I own a rear-wheel-drive 1999 Jeep Grand Cherokee. I recently had both rear axle seals and bearings replaced. At the same time I had the mechanic check U-joints, shocks, etc. The noise from the failing bearings is gone, but now I have a loud “howl” that gets louder the more I accelerate. If I take my foot off the accelerator, the sound is gone. As soon as I accelerate, the sound returns. It is barely noticeable at speeds less than 35 mph, but the howl gets increasingly louder as the speed increases.
I returned to the mechanic the same day I picked up the Jeep. We went on a road test and I was given a story about gears in the differential and that despite the noise everything was mechanically sound. Even though the sound was not present before the seals and bearings were replaced, the mechanic assured me that nothing is wrong. This howling is giving me a headache! Can anyone suggest a fix?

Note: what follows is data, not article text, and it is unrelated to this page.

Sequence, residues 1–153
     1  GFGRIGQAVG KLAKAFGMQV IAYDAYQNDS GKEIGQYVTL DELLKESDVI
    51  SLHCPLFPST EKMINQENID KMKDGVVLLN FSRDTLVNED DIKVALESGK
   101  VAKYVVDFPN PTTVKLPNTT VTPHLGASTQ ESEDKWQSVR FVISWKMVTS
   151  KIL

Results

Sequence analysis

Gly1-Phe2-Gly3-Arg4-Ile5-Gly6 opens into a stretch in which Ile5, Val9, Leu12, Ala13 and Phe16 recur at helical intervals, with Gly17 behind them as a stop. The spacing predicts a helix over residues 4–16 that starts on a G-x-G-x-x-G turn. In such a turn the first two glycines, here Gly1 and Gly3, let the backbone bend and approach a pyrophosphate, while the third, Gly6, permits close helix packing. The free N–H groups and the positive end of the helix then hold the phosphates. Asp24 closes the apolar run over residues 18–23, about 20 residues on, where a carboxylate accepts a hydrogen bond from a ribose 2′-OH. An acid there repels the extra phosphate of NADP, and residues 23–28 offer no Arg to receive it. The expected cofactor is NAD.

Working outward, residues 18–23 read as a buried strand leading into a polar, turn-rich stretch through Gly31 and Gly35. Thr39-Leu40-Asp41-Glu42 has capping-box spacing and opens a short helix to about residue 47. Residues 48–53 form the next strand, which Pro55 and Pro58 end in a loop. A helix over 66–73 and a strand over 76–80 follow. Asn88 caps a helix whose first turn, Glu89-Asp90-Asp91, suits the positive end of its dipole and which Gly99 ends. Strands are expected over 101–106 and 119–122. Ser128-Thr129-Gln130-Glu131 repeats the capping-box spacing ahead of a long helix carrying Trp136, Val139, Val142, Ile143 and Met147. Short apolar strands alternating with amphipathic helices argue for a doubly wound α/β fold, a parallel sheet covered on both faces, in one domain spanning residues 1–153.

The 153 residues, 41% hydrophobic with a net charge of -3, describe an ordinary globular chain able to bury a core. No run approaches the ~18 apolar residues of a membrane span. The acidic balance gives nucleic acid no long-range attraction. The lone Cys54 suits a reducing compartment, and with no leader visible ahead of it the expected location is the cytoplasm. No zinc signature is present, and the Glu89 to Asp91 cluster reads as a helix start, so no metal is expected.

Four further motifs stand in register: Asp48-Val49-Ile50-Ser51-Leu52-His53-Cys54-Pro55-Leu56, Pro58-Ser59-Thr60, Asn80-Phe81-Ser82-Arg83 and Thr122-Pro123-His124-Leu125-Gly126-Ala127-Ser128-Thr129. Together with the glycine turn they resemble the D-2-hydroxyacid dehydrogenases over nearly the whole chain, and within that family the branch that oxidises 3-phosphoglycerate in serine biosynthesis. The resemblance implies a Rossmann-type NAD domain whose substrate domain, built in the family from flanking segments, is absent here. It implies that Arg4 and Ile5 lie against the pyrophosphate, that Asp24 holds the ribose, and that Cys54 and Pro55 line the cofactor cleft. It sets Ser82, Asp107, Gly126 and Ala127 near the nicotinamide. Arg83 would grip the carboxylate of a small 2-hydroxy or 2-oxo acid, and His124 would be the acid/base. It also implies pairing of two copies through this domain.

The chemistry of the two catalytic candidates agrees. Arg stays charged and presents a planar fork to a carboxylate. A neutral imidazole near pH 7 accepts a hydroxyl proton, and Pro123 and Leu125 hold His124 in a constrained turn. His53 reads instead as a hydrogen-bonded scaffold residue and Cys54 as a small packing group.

If your axle seals failed, causing the differential to get sufficiently low on oil to trash your axle bearings, odds are more damage than just those bearings has been done. The howl very well could have been there before you had the work done, you may have just not heard it over the bad bearings. You could now have a bad pinion bearing, excessive ring and pinion gear clearance, bad inner bearings, or anything else. You could either have your rear axle fully rebuilt, or install a used one that hasn’t leaked out all its fluid and been trashed.
There wasn’t any noise prior to fixing the bearings and seals. The bearing noise was just a “whisper,” but I new what it was and fixed it early. The “howl” is new since I had the seals and bearings replaced… and it gets louder as the speed increases. I will check for wear. I am simply perplexed in why the sound appeared the day after I had the Jeep fixed.